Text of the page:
In terms of the domestic economy, we have learned from the latest GDP release that the construction sector has picked up with a strong growth of more than 20 percent in the fourth quarter of last year, thanks to government infrastructure projects. The spillovers from these projects are also benefiting the real estate market. Demand for properties continues to expand as we see mortgage loans growing at around 10 percent year on year in recent months.

Financing conditions have also been favorable. Monetary policy stance remains accommodative and in full support of economic recovery. And, despite the slow economic growth, the overall credit and corporate bond issuance to the private sector continues to grow at around 7 percent. The Bank of Thailand would ensure that the cost of funds is conducive to the ongoing recovery, while also keeping a cautious eye on risks to financial stability.

On the fiscal front, the government has become more effective in disbursing and implementing investment projects. Government relief and stimulus measures are also essential at difficult times, especially for those severely affected by adverse economic situations, such as from the current drought.

But while taking care of the short-term issues, we must not forget to reckon longer term challenges facing the Thai economy. Thailand is in need of serious initiatives to upgrade and unlock our economic potential in the long term. In this context, we welcome many new initiatives by the government to push ahead with structural reforms.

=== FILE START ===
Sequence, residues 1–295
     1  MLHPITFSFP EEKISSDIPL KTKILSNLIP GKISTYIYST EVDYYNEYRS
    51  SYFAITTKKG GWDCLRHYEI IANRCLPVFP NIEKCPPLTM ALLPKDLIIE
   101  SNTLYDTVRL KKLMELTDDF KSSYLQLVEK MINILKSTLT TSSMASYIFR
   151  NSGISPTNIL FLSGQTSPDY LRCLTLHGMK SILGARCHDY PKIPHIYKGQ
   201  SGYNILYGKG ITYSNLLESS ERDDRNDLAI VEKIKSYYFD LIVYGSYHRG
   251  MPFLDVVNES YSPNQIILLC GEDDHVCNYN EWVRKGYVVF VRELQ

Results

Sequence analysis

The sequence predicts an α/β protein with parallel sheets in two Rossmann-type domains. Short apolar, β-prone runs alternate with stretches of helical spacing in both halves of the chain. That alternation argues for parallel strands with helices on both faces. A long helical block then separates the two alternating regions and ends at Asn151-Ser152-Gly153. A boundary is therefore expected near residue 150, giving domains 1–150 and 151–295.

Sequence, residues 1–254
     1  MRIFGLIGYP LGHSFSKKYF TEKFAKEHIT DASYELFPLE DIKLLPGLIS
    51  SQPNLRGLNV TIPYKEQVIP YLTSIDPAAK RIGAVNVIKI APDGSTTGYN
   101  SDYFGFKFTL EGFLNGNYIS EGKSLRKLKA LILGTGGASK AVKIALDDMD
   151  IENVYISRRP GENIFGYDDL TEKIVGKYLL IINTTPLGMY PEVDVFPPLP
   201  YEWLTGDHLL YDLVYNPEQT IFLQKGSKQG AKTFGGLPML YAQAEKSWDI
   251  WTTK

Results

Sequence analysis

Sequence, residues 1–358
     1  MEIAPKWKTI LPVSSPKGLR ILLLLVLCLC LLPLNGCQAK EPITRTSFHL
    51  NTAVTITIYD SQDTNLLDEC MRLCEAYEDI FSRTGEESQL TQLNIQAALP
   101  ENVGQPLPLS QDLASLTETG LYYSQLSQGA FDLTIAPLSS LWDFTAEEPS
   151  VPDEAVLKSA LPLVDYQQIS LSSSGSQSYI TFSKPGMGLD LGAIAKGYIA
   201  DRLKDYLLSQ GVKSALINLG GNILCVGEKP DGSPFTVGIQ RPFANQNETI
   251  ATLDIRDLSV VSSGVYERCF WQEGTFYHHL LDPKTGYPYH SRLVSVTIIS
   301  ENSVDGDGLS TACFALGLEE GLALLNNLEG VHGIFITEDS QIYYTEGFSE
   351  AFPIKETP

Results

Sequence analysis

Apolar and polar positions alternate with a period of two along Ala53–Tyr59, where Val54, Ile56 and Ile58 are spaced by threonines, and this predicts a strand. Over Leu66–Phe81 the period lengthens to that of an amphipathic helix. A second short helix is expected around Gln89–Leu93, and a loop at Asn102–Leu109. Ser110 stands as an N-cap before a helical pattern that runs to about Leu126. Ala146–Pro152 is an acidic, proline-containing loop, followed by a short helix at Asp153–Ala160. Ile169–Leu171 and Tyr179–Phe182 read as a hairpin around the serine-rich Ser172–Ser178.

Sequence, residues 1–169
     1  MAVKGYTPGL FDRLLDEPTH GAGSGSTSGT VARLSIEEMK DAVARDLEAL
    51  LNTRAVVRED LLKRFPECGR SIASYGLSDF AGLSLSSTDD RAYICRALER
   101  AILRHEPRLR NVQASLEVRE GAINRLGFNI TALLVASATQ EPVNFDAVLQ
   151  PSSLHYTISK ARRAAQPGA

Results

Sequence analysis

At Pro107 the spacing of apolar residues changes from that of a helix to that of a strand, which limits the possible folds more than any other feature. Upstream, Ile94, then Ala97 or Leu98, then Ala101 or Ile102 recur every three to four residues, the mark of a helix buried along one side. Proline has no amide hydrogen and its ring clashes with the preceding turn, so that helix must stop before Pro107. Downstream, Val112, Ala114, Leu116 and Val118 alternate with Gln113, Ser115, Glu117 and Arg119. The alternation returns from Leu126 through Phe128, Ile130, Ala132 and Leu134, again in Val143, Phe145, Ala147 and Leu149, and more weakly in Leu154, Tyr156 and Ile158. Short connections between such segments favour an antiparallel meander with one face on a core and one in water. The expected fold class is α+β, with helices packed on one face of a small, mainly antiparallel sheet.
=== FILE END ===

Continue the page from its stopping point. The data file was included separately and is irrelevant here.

This brings me to the last part of my talk tonight on the way forward for the Thai economy, and how we and our partners like Japanese businesses may ride together toward sustainable prosperity.

Let me first touch upon some of the ongoing reforms and give you a better picture of what we could expect to benefit from them. Among various initiatives to upgrade legal infrastructure in Thailand, steps have been taken to put in place more efficient and more business-friendly laws and regulations. The new Licensing Facilitation Act will help streamline bureaucratic processes in obtaining a business license, registration and approval. The Business Security Act will help improve SMEs' access to bank loans by allowing more types of assets to be used as collaterals. The new Payment System Act will unify all related laws governing the payment system and lift its standards to international best practices.

In addition, the law to reform the governance structure of state-owned enterprises is underway. The success of this reform will not only improve the performance and transparency of state-owned enterprises (SOEs), but also unlock the potential of our country's strategic assets, create a more level playing field between SOEs and private businesses, and strengthen the country's overall competitiveness.